Last Thursday, a French web store showed that there were new Samsung SSDs on the road. At that time nothing had been confirmed about the new SSDs, which is now the case. Samsung has announced today with a new line of SSDs, based on a new kind of NAND memory.
Basically, the SSD is still based on Samsung’s 3D V-NAND memory, although there are now four bits per cell (QLC). Previously, three bits per cell (TLC) were still used. The new memory type should ensure that SSDs become affordable, especially when it comes to higher capacities. The Samsung 860 QVO SATA SSD comes in three capacities: 1, 2 and 4 TB; a version under 1 TB has not yet been announced. It also remains with SATA SSDs, and if there are also M.2 PCIe variants with support for the NVMe protocol is not known.
Samsung is not the first manufacturer in the consumer market to focus on producing QLC memory chips; Intel in collaboration with Micron was the first manufacturer to launch an SSD with the new NAND chips, specifically the Intel 660P. Incidentally, Micron also has its own version, so subsidiary Crucial produces the P1 with QLC memory.
In the cases of Intel and Micron, the M.2 variants, the Samsung 860 QVO now comes only in a 2.5-inch version – similar to the previous SATA SSDs of the brand. In terms of performance, Samsung says maximum read and write speeds of 520 and 550 MB/s respectively. Random reads and writes, according to Samsung’s tests, amount to 97,000 and 89,000 IOPS respectively.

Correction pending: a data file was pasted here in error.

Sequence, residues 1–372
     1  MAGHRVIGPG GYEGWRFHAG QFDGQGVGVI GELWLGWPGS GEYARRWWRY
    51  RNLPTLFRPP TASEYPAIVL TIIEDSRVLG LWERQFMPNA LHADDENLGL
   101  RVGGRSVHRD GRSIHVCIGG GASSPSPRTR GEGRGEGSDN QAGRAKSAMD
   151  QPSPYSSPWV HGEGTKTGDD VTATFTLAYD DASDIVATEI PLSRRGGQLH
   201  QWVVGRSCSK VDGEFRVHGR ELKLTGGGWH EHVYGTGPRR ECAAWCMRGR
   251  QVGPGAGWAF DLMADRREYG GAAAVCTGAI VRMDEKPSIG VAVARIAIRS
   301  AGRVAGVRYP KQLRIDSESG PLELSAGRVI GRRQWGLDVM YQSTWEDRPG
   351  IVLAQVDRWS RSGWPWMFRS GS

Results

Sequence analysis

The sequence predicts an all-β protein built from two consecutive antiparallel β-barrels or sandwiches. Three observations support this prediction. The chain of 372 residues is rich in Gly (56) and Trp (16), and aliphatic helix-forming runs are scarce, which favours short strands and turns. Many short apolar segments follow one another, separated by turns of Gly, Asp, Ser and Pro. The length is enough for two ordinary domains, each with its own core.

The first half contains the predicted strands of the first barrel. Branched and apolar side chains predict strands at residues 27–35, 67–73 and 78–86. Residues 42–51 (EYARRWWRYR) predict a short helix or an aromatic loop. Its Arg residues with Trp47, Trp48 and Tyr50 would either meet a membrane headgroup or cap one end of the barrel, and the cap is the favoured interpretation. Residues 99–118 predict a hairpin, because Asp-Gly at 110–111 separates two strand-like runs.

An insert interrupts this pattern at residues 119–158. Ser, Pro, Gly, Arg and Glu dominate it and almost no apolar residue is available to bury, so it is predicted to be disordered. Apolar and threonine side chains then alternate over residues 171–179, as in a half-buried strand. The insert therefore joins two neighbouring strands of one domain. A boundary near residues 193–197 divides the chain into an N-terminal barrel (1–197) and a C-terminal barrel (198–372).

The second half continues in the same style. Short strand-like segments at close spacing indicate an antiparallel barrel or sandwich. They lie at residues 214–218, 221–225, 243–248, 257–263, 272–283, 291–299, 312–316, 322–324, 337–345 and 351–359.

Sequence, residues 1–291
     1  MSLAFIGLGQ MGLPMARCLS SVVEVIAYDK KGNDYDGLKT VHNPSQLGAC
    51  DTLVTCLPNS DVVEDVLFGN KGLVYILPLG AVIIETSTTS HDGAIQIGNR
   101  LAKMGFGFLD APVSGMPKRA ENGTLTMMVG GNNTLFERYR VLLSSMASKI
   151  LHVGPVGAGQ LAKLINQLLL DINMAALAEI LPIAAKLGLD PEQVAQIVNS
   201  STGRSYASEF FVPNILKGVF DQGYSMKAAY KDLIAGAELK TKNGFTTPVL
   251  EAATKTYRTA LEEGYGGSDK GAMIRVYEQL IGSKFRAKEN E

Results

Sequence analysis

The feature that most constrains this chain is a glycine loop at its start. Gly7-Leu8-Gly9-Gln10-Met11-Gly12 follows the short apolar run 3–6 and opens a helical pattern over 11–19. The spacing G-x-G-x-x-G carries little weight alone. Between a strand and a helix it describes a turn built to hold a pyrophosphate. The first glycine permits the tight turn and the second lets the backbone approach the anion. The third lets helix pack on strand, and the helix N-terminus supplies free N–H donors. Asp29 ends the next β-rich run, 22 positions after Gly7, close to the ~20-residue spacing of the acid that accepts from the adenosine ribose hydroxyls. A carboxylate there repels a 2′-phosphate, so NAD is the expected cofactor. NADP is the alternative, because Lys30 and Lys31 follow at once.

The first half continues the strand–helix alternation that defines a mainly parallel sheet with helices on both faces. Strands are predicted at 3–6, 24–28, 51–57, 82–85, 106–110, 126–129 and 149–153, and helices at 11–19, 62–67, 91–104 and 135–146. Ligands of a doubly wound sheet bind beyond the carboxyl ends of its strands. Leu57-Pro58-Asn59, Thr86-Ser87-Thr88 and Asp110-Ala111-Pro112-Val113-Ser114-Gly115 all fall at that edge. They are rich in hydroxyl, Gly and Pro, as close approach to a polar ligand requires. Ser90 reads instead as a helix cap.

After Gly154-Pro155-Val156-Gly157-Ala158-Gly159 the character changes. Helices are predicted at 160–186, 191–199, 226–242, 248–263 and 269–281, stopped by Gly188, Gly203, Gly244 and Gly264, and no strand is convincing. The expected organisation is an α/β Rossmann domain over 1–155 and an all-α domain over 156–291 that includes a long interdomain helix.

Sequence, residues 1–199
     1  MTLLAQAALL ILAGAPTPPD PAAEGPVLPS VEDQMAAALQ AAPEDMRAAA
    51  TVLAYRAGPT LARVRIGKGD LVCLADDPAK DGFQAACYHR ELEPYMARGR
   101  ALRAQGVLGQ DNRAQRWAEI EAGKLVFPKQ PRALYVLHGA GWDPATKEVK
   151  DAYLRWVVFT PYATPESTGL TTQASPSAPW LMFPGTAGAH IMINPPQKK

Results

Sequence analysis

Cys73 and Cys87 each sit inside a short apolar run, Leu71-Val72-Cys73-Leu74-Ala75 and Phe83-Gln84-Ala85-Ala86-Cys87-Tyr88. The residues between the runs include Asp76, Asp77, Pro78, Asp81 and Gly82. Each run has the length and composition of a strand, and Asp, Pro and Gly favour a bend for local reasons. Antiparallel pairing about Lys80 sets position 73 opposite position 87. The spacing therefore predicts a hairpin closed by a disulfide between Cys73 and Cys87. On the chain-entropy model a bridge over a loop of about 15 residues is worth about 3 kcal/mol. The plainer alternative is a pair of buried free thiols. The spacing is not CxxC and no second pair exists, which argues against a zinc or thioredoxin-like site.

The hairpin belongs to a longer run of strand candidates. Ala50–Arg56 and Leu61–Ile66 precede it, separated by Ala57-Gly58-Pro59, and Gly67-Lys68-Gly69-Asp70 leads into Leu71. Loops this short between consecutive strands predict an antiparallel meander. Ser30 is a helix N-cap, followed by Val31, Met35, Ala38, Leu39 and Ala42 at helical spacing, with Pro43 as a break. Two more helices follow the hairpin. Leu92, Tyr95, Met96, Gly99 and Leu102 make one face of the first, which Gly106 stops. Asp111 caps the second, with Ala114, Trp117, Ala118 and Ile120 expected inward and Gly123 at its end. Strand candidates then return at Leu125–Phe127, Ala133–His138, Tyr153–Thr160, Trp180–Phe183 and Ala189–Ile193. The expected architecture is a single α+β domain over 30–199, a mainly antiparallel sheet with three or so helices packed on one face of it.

QLC is not always beneficial
For manufacturers, QLC is a lot cheaper to produce. There is, however, also a major disadvantage: adding more bits per cell will result in a hardware deterioration in lifespan. Samsung has given the 860 QVO SSD ‘only’ a guaranteed lifespan of 1,440 TBW for the model with a capacity of 4 TB, with the 2 TB version that is 720 TB, and the 1 TB version has a guaranteed lifespan of 360 TBW.
Looking back at the existing Samsung 860 Evo SSD, the TBW for the 4 TB-copy is a lot higher, still at around 2,400 TBW, where the 1 and 2 TB versions come out at 600 and 1,200 TBW respectively. Furthermore, the guarantee for the SSD also suffered a blow, Samsung gives ‘only’ three-year warranty on the 860 QVO, where the 860 Evo could still rely on a five-year warranty.
In addition, it is good to know that Samsung does not see the 860 QVO SSDs as a replacement for the 860 Evo series. Instead, it is just a whole new line of SSDs. Samsung hopes to persuade users who want to get rid of HDDs, but high-capacity SSDs is too expensive, as of the case with the latest SSDs. That is precisely the point at which these SSDs certainly excel, the prices for the 1, 2 and 4 TB variants are 160, 320 and 630 euros respectively (N65,000, N132,000 and N258,000 naira) – the new SSDs will be available in stores from mid-December.